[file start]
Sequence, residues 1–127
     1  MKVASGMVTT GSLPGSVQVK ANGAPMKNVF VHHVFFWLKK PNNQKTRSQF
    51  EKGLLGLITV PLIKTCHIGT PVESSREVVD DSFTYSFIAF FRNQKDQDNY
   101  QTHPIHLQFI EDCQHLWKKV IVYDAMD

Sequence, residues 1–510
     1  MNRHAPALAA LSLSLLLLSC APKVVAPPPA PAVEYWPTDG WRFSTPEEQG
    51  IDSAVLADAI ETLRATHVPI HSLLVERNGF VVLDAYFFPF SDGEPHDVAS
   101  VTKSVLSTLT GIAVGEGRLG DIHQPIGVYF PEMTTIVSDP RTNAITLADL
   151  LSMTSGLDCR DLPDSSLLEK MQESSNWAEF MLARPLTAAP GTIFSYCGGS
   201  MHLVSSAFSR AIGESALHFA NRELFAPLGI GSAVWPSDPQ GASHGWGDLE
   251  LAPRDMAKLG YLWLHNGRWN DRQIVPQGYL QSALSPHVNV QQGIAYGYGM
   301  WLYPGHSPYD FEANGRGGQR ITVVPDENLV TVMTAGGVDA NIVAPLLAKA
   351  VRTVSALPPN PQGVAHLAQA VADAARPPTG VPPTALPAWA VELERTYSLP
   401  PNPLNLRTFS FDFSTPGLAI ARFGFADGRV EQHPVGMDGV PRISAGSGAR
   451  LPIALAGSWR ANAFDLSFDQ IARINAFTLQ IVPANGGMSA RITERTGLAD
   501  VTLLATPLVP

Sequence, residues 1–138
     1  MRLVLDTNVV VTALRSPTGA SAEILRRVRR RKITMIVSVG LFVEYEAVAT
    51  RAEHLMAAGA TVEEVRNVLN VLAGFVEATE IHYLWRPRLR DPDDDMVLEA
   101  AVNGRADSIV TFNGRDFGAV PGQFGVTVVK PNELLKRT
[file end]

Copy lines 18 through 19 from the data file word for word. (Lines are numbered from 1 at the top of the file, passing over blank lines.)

     1  MRLVLDTNVV VTALRSPTGA SAEILRRVRR RKITMIVSVG LFVEYEAVAT
    51  RAEHLMAAGA TVEEVRNVLN VLAGFVEATE IHYLWRPRLR DPDDDMVLEA